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On a pretty clean 2007 setup, I'm seeing A LOT of mail with senders such as

0.0011a7f8@roman htyme@14009d3cb93848c 0-lz@14009d3cb93848c 0-5-1@home-4fd909062d 0-td@h109-187-48-125.dyn.bashtel.ru

all with a spam level rating in the lower range, such as 1 and 2. What gives?

How can I make that ship tighter?

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3 Answers 3

You haven't said if you've enabled the antispam feature, which afaik is not enabled by default. if you haven't follow this article:

http://www.petri.co.il/install-anti-spam-exchange-2007.htm

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Once you're sure you've enabled it, remember that Microsoft doesn't give away anything all that useful for free. :) There are many effective antispam solutions available out there (including Microsoft's EHS - a hosted service) that will do a far better job than this built-in Exchange feature. –  icky3000 Feb 6 '10 at 4:33

Even if the anti-spam feature is enabled, there is still an added option to enable Anti-Spam Updates that contact Microsoft for periodic spam signature updates (does not happen by default... or without a price; more on that later). It's located at Server Configuration >> Hub Transport >> Action Pane >> Enable Anti-Spam Updates. However, you will need one Exchange Enterprise CAL for each mailbox that is protected, and AFAIK there is no option to only protect some mailboxes. It's all or nothing and they're $15 with my non-profit discount. I can only imagine how expensive they are at retail pricing.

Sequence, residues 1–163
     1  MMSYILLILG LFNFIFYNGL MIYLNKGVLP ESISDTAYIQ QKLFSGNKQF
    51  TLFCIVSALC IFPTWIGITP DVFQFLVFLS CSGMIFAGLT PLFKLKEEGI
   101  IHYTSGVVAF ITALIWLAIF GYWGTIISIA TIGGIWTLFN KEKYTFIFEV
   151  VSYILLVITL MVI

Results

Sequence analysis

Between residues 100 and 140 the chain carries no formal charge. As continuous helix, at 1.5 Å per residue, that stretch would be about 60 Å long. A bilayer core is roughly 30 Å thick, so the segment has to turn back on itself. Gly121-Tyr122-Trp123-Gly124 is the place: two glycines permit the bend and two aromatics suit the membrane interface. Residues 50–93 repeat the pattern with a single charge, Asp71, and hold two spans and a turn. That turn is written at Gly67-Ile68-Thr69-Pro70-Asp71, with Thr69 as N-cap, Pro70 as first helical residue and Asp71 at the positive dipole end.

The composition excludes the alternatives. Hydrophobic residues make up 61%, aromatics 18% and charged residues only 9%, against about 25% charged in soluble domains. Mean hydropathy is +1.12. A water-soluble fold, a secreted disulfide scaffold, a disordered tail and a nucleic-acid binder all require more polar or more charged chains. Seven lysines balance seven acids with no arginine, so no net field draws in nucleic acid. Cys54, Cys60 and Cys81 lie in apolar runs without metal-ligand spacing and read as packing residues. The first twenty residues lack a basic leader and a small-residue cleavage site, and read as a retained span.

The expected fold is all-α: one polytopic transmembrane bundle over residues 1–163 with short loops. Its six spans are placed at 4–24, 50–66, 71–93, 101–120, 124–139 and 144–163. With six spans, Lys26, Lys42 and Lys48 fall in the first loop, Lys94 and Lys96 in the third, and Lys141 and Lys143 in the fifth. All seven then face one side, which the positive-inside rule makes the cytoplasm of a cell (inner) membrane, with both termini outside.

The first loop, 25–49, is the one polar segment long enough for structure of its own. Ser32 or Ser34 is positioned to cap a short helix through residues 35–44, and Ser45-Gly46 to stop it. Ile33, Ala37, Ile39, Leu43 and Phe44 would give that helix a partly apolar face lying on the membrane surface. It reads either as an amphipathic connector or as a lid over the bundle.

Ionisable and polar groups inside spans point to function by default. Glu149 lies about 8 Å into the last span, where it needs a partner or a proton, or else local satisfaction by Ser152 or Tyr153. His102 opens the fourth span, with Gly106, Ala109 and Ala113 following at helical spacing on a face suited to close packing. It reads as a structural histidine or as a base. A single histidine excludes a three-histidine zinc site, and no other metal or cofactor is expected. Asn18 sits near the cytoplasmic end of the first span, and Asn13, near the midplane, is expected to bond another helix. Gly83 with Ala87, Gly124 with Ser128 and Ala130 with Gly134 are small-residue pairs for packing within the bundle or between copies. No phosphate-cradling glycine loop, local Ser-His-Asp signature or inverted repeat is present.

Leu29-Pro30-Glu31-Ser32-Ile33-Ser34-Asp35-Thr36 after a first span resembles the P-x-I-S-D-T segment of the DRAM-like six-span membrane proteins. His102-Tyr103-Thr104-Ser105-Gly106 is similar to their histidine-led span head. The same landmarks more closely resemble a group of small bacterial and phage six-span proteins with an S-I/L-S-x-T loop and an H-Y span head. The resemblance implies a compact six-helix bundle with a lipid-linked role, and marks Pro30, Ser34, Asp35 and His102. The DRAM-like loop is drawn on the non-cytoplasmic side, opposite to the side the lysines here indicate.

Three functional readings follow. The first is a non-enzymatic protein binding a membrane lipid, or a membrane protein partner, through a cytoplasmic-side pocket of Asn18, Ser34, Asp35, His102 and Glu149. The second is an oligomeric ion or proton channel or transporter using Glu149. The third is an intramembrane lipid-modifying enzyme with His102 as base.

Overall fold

Furthermore, you might want to look into using a DNSBL. You can add those at Organization Configuration >> Hub transport >> Anti-Spam tab >> IP Block List Providers. I use zen.spamhaus.org and combined.rbl.msrbl.net which seems to do fairly well.

However, at the end of the day, nothing beats a real, dedicated anti-spam system. In spite of all the aforementioned built-in Exchange tools, I'm looking into using Postini for my filtering. Too much spam makes it through. You may have to look into a service like that or purchase an anti-spam filter like GFI MailDefense or get an appliance like a Barracuda.

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The best way to tighten the Exchange ship is by hiding it behind a secure and reliable mail filtering service. As Wesley stated, one popular option is using a commercial filtering appliance.

If you're a do-it-yourselfer, have a look at filtering MTA such as Haraka. You'd use the rcpt_to.ldap plugin to validate Envelope Recipients and then forward the messages to your Exchange server using smtp_forward or outbound. The latter includes queueing, in case your Exchange server is down. I current use exactly this set up for several Exchange servers and it works well.

Since Node.js runs on Windows, it might be possible to run Haraka on a Windows server.

If you're willing to consider mature (re: old perl scripts) software for UNIX based systems, there's also ASSP (Anti-Spam SMTP Proxy) and qpsmtpd. Both are free, provide very robust filters, and are designed to drop in front of mail servers lacking adequate abuse defenses.

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